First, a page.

by Jane Meacham, Contributing Editor
The U.S. Department of Labor (DOL), in late December 2016, issued an information letter that indicated employer plan sponsors are entitled to use lifetime income products as a part of a prudent qualified default investment alternative (QDIA), even if the products contain certain liquidity and transferability restrictions.
The guidance—although considered informal because of its method of delivery—may reassure and encourage defined contribution (DC) plans sponsors about safe harbors available when offering annuity-like products as part of their investment mix.
Although federal regulators have taken steps since 2014 to make so-called qualifying longevity annuity contracts (QLACs) more appealing for plans, many employers continue to opt not to offer them because of liability concerns should the annuity provider fail in the future, among other reasons.
QLACs are a form of longevity insurance that can help retirees hedge the risk of outliving their savings in DC plans and individual retirement accounts (IRAs).
Request from TIAA
Specifically, the DOL letter responded to a request from large academic and nonprofit retirement plan provider TIAA for clarification on whether its “Income for Life Custom Portfolios (ILCP)” meet the conditions of a QDIA under the Employee Retirement Income Security Act of 1974 (ERISA). TIAA said the product contains some liquidity and transfer restrictions that fail the frequency-of-transfer requirement described in the regulation.
TIAA in its letter to the DOL inquired whether Title I of ERISA prohibits a plan fiduciary from selecting the ILCP as a default investment alternative for a participant-directed individual account plan. It offers the lifetime income product as a custom target-date fund (TDF) investment model that may be included as a QDIA on plans’ investment menus, and each plan option has an ILCP developed for it through an asset allocation service.
But unlike traditional TDFs, the ILCP allocates investment funds to a fixed guaranteed annuity, known as an “Annuity Sleeve,” which is subject to some liquidity restrictions. The allocation percentage to the sleeve is capped at 50 percent, TIAA told the DOL in its request for information.
The DOL’s chief of the Division of Fiduciary Interpretations, Louis J. Campagna, said in the December 22, 2016, information letter that “[i]t is the view of the Department that a fiduciary of a participant-directed individual account plan could, consistent with the provision of Title I of ERISA, prudently select an investment with lifetime income elements as a default investment under the plan” if it complies with all requirements of federal regulations except for reasonable liquidity and transferability conditions.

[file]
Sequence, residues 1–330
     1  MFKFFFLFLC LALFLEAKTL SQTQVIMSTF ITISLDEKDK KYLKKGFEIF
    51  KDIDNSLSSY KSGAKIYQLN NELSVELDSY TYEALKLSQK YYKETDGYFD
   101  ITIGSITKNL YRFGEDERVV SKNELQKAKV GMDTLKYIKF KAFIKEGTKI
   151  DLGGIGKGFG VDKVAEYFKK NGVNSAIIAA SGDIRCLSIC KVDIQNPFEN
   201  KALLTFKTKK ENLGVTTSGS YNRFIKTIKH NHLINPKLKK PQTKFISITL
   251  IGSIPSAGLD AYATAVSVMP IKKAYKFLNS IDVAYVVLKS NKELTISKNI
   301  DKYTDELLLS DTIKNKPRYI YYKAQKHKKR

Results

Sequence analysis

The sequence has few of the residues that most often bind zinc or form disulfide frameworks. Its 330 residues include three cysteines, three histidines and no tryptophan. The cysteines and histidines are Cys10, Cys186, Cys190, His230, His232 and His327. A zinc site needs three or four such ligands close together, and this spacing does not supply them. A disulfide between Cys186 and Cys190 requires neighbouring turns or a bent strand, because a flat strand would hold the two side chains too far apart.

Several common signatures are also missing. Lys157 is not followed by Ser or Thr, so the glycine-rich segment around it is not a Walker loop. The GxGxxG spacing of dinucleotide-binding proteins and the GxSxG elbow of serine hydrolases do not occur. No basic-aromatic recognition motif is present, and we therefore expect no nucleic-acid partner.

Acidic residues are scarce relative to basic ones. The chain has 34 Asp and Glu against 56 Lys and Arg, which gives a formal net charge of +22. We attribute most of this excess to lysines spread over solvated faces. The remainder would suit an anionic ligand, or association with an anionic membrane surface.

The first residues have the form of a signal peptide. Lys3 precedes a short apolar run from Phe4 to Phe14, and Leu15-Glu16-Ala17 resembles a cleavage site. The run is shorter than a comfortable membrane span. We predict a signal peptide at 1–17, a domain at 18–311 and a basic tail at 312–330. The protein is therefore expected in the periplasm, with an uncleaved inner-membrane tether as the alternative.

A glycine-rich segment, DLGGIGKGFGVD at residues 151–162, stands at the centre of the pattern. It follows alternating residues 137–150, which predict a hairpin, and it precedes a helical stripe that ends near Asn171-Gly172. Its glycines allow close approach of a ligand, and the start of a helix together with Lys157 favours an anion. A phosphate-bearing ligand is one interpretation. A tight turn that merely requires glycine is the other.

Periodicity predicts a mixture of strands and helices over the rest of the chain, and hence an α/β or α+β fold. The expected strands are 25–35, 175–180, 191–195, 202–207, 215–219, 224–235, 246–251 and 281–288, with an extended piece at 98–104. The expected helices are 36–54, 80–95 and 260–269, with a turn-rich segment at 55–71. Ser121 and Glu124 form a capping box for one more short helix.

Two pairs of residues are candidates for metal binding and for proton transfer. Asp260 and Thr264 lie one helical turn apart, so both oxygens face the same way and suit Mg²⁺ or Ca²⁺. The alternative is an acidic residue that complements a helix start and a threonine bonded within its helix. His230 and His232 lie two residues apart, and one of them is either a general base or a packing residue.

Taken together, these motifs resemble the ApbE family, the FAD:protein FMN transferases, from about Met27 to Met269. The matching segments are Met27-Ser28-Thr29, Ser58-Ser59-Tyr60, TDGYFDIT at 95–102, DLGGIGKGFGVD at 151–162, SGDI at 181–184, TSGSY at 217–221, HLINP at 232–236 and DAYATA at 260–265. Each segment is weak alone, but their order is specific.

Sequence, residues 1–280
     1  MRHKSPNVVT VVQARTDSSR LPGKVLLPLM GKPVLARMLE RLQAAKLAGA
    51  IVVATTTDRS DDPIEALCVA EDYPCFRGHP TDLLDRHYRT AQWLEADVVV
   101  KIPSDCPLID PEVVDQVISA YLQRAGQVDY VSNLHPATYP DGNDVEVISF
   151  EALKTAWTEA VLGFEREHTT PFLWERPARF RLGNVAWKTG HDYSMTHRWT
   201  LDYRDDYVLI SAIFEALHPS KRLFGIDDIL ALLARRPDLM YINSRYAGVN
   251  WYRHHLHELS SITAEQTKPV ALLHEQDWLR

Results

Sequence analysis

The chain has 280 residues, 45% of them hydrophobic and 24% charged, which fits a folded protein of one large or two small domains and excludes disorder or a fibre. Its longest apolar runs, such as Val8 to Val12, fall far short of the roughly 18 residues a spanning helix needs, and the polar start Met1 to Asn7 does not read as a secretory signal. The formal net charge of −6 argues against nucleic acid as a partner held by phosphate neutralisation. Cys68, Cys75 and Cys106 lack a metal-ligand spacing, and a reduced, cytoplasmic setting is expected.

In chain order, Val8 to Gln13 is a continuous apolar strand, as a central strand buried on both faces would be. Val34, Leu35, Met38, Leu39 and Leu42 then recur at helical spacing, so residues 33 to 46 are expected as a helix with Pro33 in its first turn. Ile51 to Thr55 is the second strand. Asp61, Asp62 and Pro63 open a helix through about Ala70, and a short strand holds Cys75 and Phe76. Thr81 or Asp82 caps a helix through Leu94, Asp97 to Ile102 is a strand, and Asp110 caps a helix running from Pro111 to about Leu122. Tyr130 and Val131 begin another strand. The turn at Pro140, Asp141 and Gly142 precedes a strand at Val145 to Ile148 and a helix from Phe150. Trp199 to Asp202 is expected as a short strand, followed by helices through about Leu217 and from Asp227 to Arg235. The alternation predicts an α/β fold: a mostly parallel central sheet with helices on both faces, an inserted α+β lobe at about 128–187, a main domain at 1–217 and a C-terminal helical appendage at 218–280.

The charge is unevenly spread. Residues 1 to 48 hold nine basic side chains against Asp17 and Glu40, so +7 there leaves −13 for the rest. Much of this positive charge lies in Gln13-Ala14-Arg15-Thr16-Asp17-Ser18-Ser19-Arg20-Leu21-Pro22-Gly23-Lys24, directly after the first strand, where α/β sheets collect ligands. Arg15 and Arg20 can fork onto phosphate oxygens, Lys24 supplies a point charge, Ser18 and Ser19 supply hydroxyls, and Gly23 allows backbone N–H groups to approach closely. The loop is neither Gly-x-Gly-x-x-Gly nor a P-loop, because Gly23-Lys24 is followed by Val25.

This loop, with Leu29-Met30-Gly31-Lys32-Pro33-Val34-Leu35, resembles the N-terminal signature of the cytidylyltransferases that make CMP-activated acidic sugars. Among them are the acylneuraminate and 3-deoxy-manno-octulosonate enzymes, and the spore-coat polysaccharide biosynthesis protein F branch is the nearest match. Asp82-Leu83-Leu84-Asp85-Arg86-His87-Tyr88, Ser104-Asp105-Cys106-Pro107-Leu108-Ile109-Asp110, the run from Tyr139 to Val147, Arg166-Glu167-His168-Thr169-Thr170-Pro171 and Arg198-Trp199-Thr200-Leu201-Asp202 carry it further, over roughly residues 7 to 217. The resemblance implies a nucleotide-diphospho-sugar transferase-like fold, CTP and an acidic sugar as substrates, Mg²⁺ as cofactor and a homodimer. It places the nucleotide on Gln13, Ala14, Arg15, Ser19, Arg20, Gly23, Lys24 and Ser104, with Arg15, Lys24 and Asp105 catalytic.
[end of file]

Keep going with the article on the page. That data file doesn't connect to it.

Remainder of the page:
Because one condition for qualifying as a QDIA is the ability of the participant or beneficiary to transfer plan assets in their entirety or in part to any other investment alternative available in the plan no less frequently than once every 3 months, the ILCP in this case would not constitute a QDIA, the DOL letter said. But it also said the QDIA regulation’s standards are not intended to be the only means by which a fiduciary might meet the responsibilities for selecting a default investment.
For example, stable value products or funds may be prudent for some participants even though they are not usually QDIAs, according to the regulations.
Lifetime Income Products Emphasized
Campagna also noted that the DOL and the U.S. Treasury Department have cited the need for lifetime income as an important public policy issue, and have supported initiatives that could lead to broader use of these products in DC plans as a supplement to traditional accumulation of retirement savings as participants’ longevity increases.
He cautioned that a plan evaluating a lifetime income product as a default investment should evaluate the plan’s demographics and consider how the QDIA’s characteristics align with the needs of plan participants and beneficiaries.
The information letter also said the fiduciary should take into account the costs associated with the investment alternative and consider what additional notice should be provided to participants about the lifetime income product’s restricted liquidity and transferability, before those restrictions apply to the participants.
In conclusion, however, the DOL letter said “[w]hether the selection of any particular investment alternative, including the ILCP, as a default investment alternative satisfies the fiduciary duties of prudence and loyalty” laid out in ERISA “would depend on the facts and circumstances.”
The letter reminded TIAA and others reviewing it that its response related solely to the application of ERISA as addressed in that plan sponsor’s letter.
Jane Meacham is the editor of BLR’s retirement plan compliance publications. She has nearly 30 years’ experience as a writer/editor of financial services news.